The new spare was a tighter fit than I had expected. While there was plenty of room in the recess, I had failed to consider the process of getting the tire under the Airstream.  The struts of the Hensley partially block the path, and there’s not quite enough clearance to slide the tire atop the carrier and beneath the battery box.  To get it in, I have to wind the Hensley strut jacks up into towing position (not a problem since that’s where they’d be anyway), and I have to use the trailer’s power hitch to lift the nose about 2-3 inches.  It’s also a much heavier wheel to deal with, so pulling this thing out on a rainy day by the side of a muddy highway will not be much fun.

Once it’s in place, there’s plenty of ground clearance.  The tire still hangs above the height of the hitch weight transfer bars.

This amounts to a very expensive spare tire.  I bought the Mercedes 20″ rim from a guy in California for $300 (new ones cost about $900!), the tire was about $250, and the fabrication work ended up at $125, for a grand total of $675.  But it will get used, because we need to do a five-wheel tire rotation every 10,000 miles (to keep all five tires evenly worn), so I’ll get my value out of the tire at least.

And it’s nice to know we have it.  Now if we have a tire failure on the tow vehicle, we can still drive. If we have a tire failure on the Airstream, we can tow on three wheels or unhitch to go get a replacement Airstream tire.  We have better options.  If we ever decide to go to Alaska or Newfoundland, we can still throw the (smaller) Airstream spare into the back of the car for added insurance.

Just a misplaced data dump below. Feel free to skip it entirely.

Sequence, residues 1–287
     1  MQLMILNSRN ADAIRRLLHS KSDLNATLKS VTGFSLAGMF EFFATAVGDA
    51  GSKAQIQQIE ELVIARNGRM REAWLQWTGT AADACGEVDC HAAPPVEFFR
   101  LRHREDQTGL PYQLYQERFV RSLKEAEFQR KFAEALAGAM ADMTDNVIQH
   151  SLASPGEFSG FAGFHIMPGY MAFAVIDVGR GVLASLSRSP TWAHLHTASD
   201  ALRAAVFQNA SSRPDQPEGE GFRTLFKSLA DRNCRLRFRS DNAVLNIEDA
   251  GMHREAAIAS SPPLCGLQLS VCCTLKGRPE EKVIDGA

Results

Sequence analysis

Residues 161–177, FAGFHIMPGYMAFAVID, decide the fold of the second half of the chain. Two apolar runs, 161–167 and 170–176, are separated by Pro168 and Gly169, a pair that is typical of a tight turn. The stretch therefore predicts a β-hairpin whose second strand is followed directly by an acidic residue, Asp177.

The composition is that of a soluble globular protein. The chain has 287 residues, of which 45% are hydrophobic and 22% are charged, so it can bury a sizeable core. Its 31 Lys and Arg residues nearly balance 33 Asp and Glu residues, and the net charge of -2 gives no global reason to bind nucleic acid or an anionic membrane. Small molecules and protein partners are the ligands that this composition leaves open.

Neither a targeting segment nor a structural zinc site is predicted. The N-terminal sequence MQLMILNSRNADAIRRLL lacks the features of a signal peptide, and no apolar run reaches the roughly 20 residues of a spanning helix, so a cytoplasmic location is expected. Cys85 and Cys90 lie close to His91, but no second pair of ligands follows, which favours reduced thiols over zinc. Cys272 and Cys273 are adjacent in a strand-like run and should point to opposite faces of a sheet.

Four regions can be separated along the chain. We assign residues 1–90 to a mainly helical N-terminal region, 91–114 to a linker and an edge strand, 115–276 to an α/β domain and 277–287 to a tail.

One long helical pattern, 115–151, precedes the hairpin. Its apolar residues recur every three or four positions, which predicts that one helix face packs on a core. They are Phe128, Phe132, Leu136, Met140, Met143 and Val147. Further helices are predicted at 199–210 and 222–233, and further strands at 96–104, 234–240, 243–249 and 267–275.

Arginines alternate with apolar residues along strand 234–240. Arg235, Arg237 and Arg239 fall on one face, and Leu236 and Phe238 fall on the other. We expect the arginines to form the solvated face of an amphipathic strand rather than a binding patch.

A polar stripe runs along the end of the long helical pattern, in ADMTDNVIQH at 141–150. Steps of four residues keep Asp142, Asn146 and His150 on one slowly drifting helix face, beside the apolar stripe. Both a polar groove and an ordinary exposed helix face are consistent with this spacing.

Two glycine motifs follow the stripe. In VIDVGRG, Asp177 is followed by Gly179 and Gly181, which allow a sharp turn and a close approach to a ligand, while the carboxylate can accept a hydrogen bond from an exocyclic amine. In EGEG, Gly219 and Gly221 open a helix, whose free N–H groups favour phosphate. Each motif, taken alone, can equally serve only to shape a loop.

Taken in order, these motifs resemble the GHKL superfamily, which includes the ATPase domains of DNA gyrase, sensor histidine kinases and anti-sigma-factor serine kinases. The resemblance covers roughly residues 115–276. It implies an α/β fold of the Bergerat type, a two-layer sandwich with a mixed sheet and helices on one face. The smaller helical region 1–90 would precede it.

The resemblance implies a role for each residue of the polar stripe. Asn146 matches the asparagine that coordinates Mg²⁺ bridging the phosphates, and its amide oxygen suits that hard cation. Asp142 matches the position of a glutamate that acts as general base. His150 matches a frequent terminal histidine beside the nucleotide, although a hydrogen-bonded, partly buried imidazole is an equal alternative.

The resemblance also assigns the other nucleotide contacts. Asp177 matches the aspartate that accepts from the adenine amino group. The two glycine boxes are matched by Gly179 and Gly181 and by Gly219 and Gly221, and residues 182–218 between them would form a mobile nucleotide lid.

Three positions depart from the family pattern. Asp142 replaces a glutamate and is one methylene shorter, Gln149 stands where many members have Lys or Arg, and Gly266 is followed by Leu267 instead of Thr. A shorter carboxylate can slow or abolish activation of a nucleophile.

OK, enough about that.  I hope to not need to write about tires again for quite a long time.  I want to talk about another project, the new Airstream Life Classifieds section.

Places to list your Airstream for sale are everywhere on the Internet.  I used to maintain a list of them that ran to about thirty different sites, all free.  But once in a while I get a call from someone who has a special, rare, or high-value trailer, and they want to see that ad in print, in Airstream Life.  We’ve never been able to accommodate this, but I’ve finally set up a site where you can post your ad online and have it appear in the next issue of the magazine.

So it’s in a trial mode right now.  (I’m sorry, that’s not cool enough for the Internet.  I’d better say it’s “in beta” instead.)  You can try it out right now at classified.airstreamlife.com.  Online-only ads are free, and print ads cost $75.  But here’s the sweetener: since this is the first run, you can actually get a print ad for free.  When you fill out the ad form, at the bottom of the page will be an option box that says “Ad Package”. Choose the “Print ad in Airstream Life magazine” option and just below that, enter the coupon code FREE_ASL_AD and your ad will appear in the Winter 2012 issue for free!

Now, I do have to put in a few limitations.  Only one free ad per customer, and all ads must be submitted no later than October 5 to receive this deal.  If I don’t get enough ads to launch the section, this offer will be void (but your ad will still run online for free).